Is TV viewing on a declining trend?

Is TV viewing on a declining trend?



Very few have missed the dispute between Disney-owned ESPN and the Nielsen rating agency. Lately, Nielsen announced its subscriber numbers for November 2016 and those numbers showed that ESPN lost 621,000 cable subscribers.

Disney claims that the data does not take into account new DMVPD, or digital multi-channel video programming distributors, that include users who might watch ESPN via other devices. Disney also argues that Nielsen doesn’t take in consumption through OTT and viewer using WatchESPN.

In an interview in the Wall Street Journal, Reed Hastings, CEO Netflix said: “The competition we worry about is the substitution—when people are spending time on Snapchat or Facebook video or YouTube, or some new app that isn’t yet invented. In the long term, you have to believe that movies and TV shows will be like the opera and the novel, pretty nichey businesses. Human entertainment will have moved on to something new. Then the ultimate challenge for us is, can we figure out what that new form of entertainment is?”

So is Hasting right in his statements that TV viewing will become like the opera, and are the figures for ESPN as bad as Nielsen claims? Is TV viewing on a declining trend?

According to the latest Ericsson TV & Media Consumer Report, total TV, and video viewing time increases through massive growth in mobile viewing. While the average TV and video viewing time on fixed screens has dropped some 2.5 hours per week in the past 4 years, the average viewing time on mobile devices is up by 4 hours a week, equaling a total net increase of 1.5 hours per week.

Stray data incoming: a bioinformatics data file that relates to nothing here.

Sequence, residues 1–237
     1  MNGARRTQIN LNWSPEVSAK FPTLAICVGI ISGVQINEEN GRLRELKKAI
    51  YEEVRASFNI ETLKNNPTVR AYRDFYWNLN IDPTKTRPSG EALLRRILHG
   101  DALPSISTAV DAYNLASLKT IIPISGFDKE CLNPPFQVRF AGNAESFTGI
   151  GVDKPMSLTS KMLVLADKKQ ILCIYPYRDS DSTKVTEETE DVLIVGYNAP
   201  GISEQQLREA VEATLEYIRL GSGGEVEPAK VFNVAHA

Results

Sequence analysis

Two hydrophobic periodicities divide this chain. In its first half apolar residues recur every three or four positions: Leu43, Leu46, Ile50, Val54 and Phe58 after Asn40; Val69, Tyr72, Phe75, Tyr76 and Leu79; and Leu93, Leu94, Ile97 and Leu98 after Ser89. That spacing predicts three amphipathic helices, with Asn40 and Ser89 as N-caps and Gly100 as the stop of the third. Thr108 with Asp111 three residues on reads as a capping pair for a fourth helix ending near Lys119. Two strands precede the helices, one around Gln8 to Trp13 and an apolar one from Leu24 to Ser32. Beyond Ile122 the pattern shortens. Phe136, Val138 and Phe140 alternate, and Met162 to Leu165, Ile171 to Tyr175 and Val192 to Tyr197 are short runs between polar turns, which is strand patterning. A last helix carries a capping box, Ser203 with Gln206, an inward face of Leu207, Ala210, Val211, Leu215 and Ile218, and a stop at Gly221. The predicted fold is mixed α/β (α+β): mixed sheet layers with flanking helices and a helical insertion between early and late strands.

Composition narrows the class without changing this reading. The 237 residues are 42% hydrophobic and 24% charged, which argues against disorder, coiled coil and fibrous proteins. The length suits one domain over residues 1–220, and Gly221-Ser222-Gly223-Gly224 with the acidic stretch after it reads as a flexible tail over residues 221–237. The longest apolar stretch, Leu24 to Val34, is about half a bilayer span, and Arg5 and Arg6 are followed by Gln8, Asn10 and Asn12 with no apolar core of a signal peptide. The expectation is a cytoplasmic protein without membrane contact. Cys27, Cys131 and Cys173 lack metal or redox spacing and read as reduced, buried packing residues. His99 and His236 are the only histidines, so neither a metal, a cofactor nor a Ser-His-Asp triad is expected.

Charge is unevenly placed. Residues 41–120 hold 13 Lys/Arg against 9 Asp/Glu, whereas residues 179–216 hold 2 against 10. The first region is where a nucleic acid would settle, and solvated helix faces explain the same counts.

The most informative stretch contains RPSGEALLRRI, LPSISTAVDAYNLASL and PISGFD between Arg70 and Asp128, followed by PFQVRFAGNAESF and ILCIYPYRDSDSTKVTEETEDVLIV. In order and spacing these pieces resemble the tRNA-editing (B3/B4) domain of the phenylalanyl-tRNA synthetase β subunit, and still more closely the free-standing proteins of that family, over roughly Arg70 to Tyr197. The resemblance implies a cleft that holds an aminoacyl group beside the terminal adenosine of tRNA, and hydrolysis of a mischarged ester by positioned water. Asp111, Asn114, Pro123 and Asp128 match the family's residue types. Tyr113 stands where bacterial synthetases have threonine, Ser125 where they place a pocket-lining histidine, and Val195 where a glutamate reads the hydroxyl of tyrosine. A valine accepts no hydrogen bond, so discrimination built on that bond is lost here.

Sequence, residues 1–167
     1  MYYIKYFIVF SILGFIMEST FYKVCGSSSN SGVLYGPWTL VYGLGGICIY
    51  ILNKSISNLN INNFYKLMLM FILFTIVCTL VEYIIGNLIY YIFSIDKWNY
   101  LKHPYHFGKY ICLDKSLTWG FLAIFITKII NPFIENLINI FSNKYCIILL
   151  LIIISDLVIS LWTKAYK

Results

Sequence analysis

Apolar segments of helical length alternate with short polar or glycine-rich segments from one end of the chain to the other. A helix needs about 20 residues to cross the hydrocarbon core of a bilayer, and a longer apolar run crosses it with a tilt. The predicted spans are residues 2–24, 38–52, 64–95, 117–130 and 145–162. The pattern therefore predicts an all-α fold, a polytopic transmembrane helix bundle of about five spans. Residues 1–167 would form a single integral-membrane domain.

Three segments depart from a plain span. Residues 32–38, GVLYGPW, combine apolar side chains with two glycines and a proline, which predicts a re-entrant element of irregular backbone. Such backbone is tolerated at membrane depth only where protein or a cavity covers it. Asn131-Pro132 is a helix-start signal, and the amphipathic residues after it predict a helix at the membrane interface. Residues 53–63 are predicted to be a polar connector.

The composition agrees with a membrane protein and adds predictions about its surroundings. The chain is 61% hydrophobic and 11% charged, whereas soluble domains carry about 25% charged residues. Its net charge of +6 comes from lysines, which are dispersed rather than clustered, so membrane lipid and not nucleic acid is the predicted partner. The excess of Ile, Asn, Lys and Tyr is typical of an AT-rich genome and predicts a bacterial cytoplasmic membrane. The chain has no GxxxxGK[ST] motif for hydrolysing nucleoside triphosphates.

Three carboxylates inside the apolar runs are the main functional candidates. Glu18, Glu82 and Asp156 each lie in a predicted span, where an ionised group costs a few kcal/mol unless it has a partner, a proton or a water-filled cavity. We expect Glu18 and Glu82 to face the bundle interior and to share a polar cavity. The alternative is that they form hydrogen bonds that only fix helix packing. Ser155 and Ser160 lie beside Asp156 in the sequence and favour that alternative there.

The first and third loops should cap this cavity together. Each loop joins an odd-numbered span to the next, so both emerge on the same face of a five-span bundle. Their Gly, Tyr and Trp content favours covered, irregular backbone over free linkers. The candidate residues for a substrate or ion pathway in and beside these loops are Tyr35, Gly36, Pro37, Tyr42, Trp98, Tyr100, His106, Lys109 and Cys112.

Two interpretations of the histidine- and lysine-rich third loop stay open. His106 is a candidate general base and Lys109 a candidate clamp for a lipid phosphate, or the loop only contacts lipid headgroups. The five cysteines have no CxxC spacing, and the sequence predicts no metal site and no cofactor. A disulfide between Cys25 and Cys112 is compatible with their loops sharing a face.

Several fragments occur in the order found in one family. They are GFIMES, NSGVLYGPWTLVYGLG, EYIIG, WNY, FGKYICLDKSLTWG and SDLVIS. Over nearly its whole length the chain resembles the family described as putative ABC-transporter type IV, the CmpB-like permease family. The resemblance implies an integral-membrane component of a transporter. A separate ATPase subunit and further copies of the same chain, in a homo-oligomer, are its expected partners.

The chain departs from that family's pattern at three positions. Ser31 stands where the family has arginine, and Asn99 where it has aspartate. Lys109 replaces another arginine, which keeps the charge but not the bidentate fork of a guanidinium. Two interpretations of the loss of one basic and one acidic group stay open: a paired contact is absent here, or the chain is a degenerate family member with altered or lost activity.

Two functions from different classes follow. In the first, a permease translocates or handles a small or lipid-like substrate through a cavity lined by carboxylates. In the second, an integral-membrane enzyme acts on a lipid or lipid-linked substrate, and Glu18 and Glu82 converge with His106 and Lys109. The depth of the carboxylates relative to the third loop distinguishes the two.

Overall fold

Reading the Nielsen Total Audience Report (Q2 2016) the time spent on internet and apps are increasing overall, but the TV viewing (Live and time-shifted) stays the same. We see trends that gaming and user-generated content have a huge uptake within the younger generations.

Regardless of who is wrong and who is right between Disney and Nielsen, it shows how hard it is to measure consumer behavior in the exploding market of choices.  So it might be that there is a bit of truth in the Nielsen report and that ESPN is declining in cable subscribers. And Hastings correctly state that other form of entertainment will take parts of the consumer’s time.

But I’m very sure that the decline in cable subscriber will have an uptake in other streaming video channels, and that the new form of entertainment that Hastings talk about will involve video. Streaming video will still have a bright future and people will continue to watch TV, more than ever.

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